Of Christmas Markets, Snow and Zombie Apocalypses

This morning started really nice, frosty but clear. Since I have no school on Mondays, I had planned to go into the city and to the Bremen Christmas market with my Mom. I wasn’t really in the mood today, but since it’s only eleven days to Christmas Eve, I went anyway.

Last night, the temperature fell to minus 7 degrees Celsius and today, the temperature never rose above freezing either. As a result, my car was frozen this morning. However, the windows weren’t just frozen on the outside but on the inside as well. Took me fifteen minutes to scratch off the ice.

Because the Christmas market is a big tourist magnet (allegedly, it’s one of the three prettiest Christmas markets in Germany), it’s unfortunately also awfully crowded much of the time. Even weekday afternoons are problematic and don’t even try to go there on a weekend.

So we hit the Christmas market early to avoid the crowds and the crush. There are actually two Christmas markets, the Schlachte-Zauber directly by the river, complete with medieval pirate village, and the Christmas market proper around the townhall and the marketplace.

The balance of this year’s Christmas market seems to have shifted a bit too much towards food and drink, particularly drink. This isn’t all that different from Freimarkt, which is also increasingly tilting towards food and drink. I’m not a big fan of turning every fair or festival into a huge open air bar anyway – drinking is nice and well, but there should be more to a Christmas market or funfair than alcohol. Never mind that I usually can’t even drink the stuff they offer, because I’m there by car. I think I haven’t had a glass of eggnog or mulled wine at the Christmas market in five years or so.

What is more, I’m pretty much settled with Christmas ornaments, so all of the stall selling ornaments, decorations and the like are pretty to look at, but wasted on me. However, our Christmas market also has a really great stall selling spices and herbs, including the kind of spices and herbs that are almost impossible to find in regular supermarkets, e.g. Cilantro. So I always stock up on hard to find spices at the Christmas market.

The two Christmas markets also have several jewelery stalls with a very nice selection of ethnic, goth or just plain cool jewelery. I found a stand selling pleasantly chunky, jingly glassbead bracelets, three for ten Euros, and couldn’t resist. I also bought a cute pewter necklace with a fairy sitting on a crescent moon. Finally, I also bought some glass rocaille beads. I needed the beads anyway for a craft project and the bead stall on the Christmas market saved me a trip to the craft store.

After the Christmas market, we hit the shops. My Mom still needed to do some Christmas shopping. I need new winter boots, but none of the shoe shops had anything that was wearable and in the right size. No idea why woman supposedly love shopping for shoes, because I hate shoe shopping and shoe stores with a passion. Probably because I have strangely shaped feet and therefore problems finding shoes that fit me. However, I got lucky and found two reduced peasant/hippie type shirts. I was actually looking for something more suited to winter and cold weather, but for some reason all nice sweaters available this year are either made from some unpleasant scratchy material or have short sleeves (in winter. Right).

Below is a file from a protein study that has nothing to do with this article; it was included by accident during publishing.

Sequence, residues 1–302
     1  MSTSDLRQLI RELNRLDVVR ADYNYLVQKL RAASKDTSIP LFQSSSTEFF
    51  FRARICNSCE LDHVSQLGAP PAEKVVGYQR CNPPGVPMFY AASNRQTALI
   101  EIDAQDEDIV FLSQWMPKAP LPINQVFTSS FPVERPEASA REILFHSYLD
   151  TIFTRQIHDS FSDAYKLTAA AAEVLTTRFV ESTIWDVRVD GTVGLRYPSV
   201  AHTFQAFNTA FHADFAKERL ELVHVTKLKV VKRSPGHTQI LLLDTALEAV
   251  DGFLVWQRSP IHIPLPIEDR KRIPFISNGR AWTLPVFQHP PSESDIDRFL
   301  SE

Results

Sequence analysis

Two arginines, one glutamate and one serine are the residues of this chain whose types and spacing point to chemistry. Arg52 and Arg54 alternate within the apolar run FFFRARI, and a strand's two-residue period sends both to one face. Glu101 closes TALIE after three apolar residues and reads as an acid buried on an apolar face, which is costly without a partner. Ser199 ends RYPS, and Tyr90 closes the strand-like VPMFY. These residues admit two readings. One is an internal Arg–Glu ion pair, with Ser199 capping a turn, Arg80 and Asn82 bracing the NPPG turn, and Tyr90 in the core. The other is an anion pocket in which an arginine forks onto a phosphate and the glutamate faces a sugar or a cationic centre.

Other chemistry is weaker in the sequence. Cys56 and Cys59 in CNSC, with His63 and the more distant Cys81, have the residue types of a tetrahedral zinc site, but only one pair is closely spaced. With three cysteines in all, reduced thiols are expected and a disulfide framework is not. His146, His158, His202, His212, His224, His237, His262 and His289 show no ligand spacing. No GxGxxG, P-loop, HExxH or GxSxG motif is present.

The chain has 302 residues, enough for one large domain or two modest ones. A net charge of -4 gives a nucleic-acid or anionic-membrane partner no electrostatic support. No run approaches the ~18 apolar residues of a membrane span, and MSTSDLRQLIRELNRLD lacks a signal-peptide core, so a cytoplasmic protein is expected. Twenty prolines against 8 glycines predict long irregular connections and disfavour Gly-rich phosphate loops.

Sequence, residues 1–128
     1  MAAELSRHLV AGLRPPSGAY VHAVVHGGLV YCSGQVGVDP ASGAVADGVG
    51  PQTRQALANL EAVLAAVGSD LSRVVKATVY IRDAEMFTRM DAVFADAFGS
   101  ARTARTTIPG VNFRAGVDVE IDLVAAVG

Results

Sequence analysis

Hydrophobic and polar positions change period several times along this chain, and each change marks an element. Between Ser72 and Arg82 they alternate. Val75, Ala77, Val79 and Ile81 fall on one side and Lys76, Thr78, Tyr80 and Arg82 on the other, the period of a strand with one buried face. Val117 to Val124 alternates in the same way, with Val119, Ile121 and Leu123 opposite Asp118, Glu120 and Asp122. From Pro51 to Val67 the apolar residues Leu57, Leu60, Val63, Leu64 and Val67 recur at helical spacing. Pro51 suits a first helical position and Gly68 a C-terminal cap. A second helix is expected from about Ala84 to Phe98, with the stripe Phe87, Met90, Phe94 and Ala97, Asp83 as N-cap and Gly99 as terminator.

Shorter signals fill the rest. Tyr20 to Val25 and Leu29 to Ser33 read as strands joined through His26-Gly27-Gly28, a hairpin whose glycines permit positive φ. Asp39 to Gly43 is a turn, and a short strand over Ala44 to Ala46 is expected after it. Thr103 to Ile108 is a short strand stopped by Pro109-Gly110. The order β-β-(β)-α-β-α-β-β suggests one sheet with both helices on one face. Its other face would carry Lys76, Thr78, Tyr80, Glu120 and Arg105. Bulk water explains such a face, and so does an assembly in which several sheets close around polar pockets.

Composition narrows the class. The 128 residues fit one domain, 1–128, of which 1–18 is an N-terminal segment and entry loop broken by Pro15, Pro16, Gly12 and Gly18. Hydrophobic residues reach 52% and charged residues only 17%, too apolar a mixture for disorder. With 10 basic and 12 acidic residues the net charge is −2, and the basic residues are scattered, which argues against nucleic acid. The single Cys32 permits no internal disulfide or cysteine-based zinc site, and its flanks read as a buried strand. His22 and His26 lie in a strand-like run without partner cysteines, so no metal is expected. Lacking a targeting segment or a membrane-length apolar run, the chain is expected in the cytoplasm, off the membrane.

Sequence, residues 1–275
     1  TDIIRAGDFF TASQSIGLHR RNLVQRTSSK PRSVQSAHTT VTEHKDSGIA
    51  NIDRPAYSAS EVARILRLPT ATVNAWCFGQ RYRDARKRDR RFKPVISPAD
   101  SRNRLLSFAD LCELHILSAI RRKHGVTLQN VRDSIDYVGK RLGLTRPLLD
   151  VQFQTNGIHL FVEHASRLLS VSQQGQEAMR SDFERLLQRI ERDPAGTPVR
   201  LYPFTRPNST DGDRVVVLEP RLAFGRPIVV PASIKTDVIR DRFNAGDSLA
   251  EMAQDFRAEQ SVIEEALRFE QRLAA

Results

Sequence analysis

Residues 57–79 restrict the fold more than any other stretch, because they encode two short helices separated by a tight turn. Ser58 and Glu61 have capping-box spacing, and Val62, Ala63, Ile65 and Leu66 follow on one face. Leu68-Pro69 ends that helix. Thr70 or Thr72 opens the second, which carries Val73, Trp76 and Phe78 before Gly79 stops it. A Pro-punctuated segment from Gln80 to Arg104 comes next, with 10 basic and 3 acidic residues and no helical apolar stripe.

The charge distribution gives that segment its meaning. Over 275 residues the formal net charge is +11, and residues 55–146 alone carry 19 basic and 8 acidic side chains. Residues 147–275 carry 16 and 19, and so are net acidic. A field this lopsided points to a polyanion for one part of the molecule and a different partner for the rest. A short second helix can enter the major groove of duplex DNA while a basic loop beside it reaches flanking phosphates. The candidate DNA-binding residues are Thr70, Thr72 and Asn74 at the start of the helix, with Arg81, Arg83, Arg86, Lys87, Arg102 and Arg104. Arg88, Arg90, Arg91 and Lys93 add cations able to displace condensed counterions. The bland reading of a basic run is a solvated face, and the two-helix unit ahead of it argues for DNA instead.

I also got lucky at the bookstore and bought The Good, the Bad and the Undead and Every Which Way But Dead by Kim Harrison as well as Unbound, a collection with stories by Kim Harrison, Jeaniene Frost, Melissa Marr, Jocelynn Drake and Vicki Petterson. All of those are intended for the PhD. I also came across A Matter of Class by Mary Balogh. From the size and thickness of the book, I assumed that it was a reprint of one of Balogh’s traditional Regencies (I don’t care for today’s sex and anachronism filled Regency historicals, but I like traditional Regency romances). But the copyright date is 2009, so it’s a new one. Or maybe a previously unsold manuscript.

Snow showers had been forecast for the afternoon, but instead it started snowing while we were at lunch. What is more, it snowed pretty heavily. By the time we were finished with lunch, I had to brush my car free from snow again. But at least, the windows hadn’t frozen over.

The ride home was one snowy hell. I needed more than two hours for an eleven kilometer ride. It snowed all the time, the roads were extremely slippery, not to mention full of people who cannot drive. Even worse, all three local highways were jammed due to snow-related accidents. Honestly, if the weather conditions are that extreme and you’re scared or insecure, just stay at home or take public transport instead of endangering yourself and other drivers.

Because the highways were closed, the road I usually take was completely jammed as well, so I had to find another way, which happened to lead past a Staples store. So I stopped to buy a pack of inkjet transparencies, a USB drive and one last Christmas present. Now I only need something for my aunt and uncle, who are difficult to shop for now that my aunt is in hospital.

It stopped snowing later this evening, though it’s still freezing and there may be more snow later this week. Last winter was extremely cold and snowy, not to mention that it lasted well into March. This winter seems determined to keep up with last year’s and started even earlier. We usually don’t get much snow until January.

Meanwhile, the staid public German TV channel ZDF (their target demographic, so the joke goes, is the age group between 70 and 110) has produced its own take on the zombie apocalypse, a TV drama called Rammbock. Nothing says “This fad has jumped the shark” quite as loudly as the ZDF of all places taking note.

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